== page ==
Tasmania’s Aboriginal society was isolated from mainland Australia for 12,000 years following the last ice age. Evidence of the unique cultural heritage of the palawa people can be found across the region. And what better way to learn about the area’s history and culture than from a palawa guide.
It is the first and only tourism venture in Tasmania to be initiated, owned, and guided by Aboriginal people. The full 33 km walk can be conducted over a 4-night, 3-day journey. It takes you into an untouched wilderness, where wildlife, useful plants and evidence of ancient inhabitation are revealed while you walk.
You can stay in an architecturally designed standing camp, or krakani lumi. The unique accommodation is nestled among coastal wattle and banksia, just a stone’s throw from the beach. It took the architects almost 10 years of historical research and community consultation to build the award-winning encampment. The main pavilion and seed-shaped sleeping huts, constructed from natural materials, are compact but generous. Luxurious touches – like wallaby skins draped across the beds – offer surprising comfort.
Experience wukalina walk in 2019
Inspiring Journeys has created an exclusive 2-night experience for our guests as part of our Tasmania’s Footsteps and Trails 7-day tour. Enjoy a leisurely 8 km of the trail each day with Palawa guides and evenings in sensational accommodation. Hear creation stories over a campfire and participate in cultural practices that have been handed down over the centuries.
Rottnest Island, Western Australia
Whispers of history are carried on the ocean breeze across Western Australia’s paradisiac island. Inhabited by the Noongar people until rising sea levels separated the island from the mainland around 7000 years ago. Archaeological evidence suggests that Wadjemup, or Rotto as it’s known colloquially, has been inhabited by humans as far back as 70,000 years ago.
History abounds but nature remains the island’s biggest drawcard for couples and families alike. Discover more than 60 beaches and bays where you can swim in turquoise waters and sink your feet into powder-soft white sand. It’s possible to explore a menagerie of life as you snorkel the limestone reef – thought to have grown approximately 100,000 years ago when sea levels were at an all-time high.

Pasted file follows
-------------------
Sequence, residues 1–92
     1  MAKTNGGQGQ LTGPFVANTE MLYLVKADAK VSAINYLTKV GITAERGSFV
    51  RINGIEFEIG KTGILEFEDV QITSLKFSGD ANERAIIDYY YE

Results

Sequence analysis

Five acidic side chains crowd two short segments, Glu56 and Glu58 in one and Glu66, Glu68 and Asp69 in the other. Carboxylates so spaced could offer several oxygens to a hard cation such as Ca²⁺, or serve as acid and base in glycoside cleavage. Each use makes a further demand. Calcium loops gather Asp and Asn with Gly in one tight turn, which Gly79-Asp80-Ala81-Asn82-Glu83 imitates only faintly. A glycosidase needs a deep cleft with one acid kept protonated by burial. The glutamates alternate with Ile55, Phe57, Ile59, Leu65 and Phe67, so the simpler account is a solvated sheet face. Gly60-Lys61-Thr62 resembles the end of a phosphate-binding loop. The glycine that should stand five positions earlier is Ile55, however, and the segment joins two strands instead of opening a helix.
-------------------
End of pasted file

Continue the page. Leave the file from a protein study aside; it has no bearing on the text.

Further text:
Why you should visit Rottnest Island in 2019
Diverse habitats give life to an abundance of flora and fauna, the most famous being the endearing quokka. These tiny relatives of Wallabies have made Rottnest home, and with no fear of humans, they always come to say hello. Visitors to the Island should stay on the lookout for the potoroo – an even smaller roo-like marsupial. These endangered mammals have been introduced to Rottnest as part of a conservation project to revive the species.
Traversing the 19 square kilometres of A-Class reserve – the highest level of land protection – will introduce you to breathtaking scenery. The sparkling coastline is only the beginning. Salt lakes occupy around 10% of the island, together with swamps, woodlands and heath supporting a thriving bird population. No cars are permitted on Rottnest, which adds to the serenity.
Rottnest Island has many stories to tell visitors. From the days of ancient Indigenous communities to early European settlers to maritime exploration to its military role in WWI and WWII. There are many historic sites around the island that can help uncover tales of the past – an integral part of any Rottnest holiday.
Experience Rottnest Island in 2019
Journey to the West on a 7-day tour with Inspiring Journeys, to experience Rottnest Island and other Western Australian gems like Margaret River.
Tambourine Mountain, Gold Coast
Known as ‘the green behind the gold’, Tamborine Mountain can be found within a lush hinterland set back from the Queensland’s gilded coast. Discover waterfalls, art galleries, wineries and heritage towns filled with character.
The result of a volcanic eruption 22 million years ago, the verdant plateau looks down upon the surrounding lowlands all the way to the Pacific Ocean. Before European settlement, the area was home to the Wangerriburra people, veiled by a subtropical rainforest. In the early 1900s, the area became the first national park in Australia – stopping timber companies from complete land clearance.
Thanks to the hard work of early conservationists, it's still possible to explore the ancient forest and breathe in fresh mountain air on bushwalks that embrace the emerald plateau.
Why you should visit Tamborine Mountain in 2019
Enjoy an eco-adventure among the rainforest's canopy. Meander along 1.5km of steel walkways raised 30m above the creek and rainforest floor. The Tamborine Rainforest Skywalk is surrounded by the magic of nature. It’s one of the best escapes a city-dweller can get.
If you prefer your nature fermented and served chilled, then perhaps the cellar doors are more your style. Visit the charming Cedar Creek and Witches Wineries to experience some of Queensland’s best wines.
Thanks to the rich volcanic soil and spring water, the area provides an abundance of fresh produce. Hobby farmers and commercial producers grow a range of fruit and veg from avocados to kiwifruits to macadamia nuts. It’s possible to explore the taste of tambourine on culinary trails. Make sure to stop into Tamborine Mountain Distillery, an award-winning artisanal producer that uses natural local ingredients to create smooth spirits and liquors.
Ready to have the best trip in 2019?